"If there is going to be such a thing as a New Russian Cinema, then [Roads to Koktebel] provides a decisive direction." So wrote critic Henry Sheehan in August 2003, reviewing the debut feature from Boris Khlebnikov and Aleksei Popogrebsky, who shared writing and directing credits. The film followed a father and pre-teen son as they journeyed across Russia in search of a better life, encountering a variety of scenic landscapes and colorful characters representing the many changes that had taken place in the country. Koktebel was a favorite of festival programmers, playing at more than a dozen all over the globe and gaining a theatrical release in parts of Europe and South America. On his own, Khlebnikov went on to make Free Floating, a "melodrama with elements of comedy" that was released in Russia last year, was featured at the Venice film festival and more recently played at fests in Rotterdam and Portland.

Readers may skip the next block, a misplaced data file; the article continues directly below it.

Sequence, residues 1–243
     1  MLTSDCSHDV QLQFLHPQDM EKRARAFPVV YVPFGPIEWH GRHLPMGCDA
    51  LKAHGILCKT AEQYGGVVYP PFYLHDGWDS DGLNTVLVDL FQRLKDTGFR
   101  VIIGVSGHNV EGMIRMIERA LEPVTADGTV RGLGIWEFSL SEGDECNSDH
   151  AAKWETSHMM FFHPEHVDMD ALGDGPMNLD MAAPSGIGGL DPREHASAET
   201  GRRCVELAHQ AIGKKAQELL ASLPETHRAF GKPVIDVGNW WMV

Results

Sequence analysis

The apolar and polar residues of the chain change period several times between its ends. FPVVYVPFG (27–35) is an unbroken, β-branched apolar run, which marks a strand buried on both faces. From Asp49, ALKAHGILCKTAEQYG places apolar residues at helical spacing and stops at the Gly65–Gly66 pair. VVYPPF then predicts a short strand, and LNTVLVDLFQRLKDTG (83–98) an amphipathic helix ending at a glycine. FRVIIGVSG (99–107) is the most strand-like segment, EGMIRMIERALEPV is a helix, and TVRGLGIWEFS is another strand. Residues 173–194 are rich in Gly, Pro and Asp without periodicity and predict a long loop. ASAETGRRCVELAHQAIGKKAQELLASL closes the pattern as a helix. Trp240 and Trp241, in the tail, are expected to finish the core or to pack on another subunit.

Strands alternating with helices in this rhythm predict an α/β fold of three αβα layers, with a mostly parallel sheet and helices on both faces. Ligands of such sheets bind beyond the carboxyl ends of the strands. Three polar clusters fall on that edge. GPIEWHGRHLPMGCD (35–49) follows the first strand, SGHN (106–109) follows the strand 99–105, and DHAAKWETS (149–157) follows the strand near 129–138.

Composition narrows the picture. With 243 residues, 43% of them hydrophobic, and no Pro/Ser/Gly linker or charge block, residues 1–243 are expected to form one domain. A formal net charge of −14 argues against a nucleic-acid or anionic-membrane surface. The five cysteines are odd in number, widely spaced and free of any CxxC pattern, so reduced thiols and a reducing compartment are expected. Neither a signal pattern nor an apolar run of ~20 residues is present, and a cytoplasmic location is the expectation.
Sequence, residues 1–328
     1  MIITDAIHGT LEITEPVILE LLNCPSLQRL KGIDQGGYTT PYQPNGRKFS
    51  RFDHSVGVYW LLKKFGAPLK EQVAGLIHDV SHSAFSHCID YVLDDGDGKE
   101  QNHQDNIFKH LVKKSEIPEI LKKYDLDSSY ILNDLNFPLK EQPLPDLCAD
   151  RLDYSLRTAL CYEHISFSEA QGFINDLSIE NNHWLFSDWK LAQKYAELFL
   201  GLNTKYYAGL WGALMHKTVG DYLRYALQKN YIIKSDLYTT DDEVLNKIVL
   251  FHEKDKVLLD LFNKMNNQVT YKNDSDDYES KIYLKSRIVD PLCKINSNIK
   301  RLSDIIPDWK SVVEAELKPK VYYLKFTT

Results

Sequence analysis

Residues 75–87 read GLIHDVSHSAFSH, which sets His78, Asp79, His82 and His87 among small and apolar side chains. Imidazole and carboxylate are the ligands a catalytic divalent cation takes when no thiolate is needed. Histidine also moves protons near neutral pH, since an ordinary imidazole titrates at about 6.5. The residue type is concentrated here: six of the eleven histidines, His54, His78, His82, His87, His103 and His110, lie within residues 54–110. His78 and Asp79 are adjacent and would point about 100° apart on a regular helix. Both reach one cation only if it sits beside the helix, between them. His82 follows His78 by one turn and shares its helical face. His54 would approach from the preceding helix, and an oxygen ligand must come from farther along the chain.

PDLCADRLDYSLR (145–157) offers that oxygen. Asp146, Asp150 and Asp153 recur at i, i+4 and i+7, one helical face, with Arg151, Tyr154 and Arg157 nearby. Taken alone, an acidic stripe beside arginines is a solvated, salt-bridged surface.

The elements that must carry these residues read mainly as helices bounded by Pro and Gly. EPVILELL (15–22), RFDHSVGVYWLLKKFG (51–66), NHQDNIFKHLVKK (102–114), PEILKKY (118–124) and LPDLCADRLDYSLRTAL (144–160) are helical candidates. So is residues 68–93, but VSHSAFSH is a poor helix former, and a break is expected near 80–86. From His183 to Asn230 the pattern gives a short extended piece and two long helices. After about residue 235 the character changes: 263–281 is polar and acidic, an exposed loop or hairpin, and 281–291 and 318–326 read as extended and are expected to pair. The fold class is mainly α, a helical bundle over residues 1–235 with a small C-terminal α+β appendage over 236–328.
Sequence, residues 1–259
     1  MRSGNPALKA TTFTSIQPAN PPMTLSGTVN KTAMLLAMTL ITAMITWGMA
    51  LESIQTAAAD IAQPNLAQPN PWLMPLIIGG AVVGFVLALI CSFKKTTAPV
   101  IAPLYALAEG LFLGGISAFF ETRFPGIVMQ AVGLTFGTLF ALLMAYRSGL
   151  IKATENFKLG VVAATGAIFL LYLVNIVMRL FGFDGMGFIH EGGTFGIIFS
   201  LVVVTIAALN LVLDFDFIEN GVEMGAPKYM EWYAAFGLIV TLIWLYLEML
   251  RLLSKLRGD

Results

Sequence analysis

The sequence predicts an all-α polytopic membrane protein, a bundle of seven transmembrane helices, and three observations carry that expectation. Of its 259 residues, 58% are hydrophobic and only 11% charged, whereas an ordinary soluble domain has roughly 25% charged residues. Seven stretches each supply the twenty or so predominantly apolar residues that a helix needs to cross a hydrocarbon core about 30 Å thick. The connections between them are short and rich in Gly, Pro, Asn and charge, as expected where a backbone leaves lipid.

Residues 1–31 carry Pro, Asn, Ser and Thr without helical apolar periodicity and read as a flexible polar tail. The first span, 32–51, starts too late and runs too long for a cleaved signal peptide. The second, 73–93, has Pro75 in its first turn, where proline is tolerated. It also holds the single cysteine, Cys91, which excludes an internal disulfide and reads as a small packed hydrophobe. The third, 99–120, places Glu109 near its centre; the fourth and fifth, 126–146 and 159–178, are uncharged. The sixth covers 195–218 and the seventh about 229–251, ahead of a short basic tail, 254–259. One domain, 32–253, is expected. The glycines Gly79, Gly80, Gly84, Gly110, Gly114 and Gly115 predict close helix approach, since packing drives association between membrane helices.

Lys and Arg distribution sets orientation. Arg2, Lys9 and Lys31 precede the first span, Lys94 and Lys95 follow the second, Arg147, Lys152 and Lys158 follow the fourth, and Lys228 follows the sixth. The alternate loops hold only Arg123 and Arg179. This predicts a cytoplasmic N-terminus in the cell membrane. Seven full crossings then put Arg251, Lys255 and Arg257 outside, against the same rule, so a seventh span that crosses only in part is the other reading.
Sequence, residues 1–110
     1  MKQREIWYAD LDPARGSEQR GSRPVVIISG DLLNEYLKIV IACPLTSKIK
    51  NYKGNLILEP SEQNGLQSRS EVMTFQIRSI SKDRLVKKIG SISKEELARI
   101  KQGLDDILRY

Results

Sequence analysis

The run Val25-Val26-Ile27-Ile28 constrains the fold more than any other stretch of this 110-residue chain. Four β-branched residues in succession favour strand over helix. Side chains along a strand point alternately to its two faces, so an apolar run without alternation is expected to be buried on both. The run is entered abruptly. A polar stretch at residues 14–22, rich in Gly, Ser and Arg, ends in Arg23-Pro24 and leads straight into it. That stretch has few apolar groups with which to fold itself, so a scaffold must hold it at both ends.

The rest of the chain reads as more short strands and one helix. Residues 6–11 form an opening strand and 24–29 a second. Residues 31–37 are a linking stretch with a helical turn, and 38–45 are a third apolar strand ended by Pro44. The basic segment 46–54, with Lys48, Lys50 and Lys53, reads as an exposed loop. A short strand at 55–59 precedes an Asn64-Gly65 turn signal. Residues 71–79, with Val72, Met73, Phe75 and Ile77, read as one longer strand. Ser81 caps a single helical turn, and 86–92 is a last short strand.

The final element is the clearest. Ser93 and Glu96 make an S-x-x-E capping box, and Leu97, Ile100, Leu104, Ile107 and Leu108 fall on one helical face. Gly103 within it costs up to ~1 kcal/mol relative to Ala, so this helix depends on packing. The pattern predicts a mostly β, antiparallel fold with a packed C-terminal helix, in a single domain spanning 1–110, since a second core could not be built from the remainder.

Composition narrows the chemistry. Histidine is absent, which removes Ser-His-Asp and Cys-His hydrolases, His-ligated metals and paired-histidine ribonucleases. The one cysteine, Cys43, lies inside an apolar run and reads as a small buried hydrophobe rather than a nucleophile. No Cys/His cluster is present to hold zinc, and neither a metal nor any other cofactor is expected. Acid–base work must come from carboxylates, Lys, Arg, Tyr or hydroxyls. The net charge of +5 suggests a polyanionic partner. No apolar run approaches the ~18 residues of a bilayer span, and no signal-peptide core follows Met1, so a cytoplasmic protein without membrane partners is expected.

Now Popogrebsky has completed his second feature, Simple Things. Writing for The Moscow Times,Tom Birchenough praised the director for his restraint and commented: "On the surface, the developments of its plot concern the everyday events of a few days in the life of a St. Petersburg doctor. But beneath that surface, it's the dramas of family life, and matters as profound as life and death, that speak strongly -- if not loudly -- in the film." Sergei Puskepalis (with only one other credit on IMDb) stars as the doctor, who has pressing domestic, financial and romantic issues, and then must deal with a cantankerous old actor (Leonid Bronevoi) facing the painful end of his life. Roads to Koktebel is scheduled to be released on DVD by Film Movement on August 7, 2007; we'll hope that Free Floating and Simple Things cross the Atlantic sooner rather than later.
categories Cinematical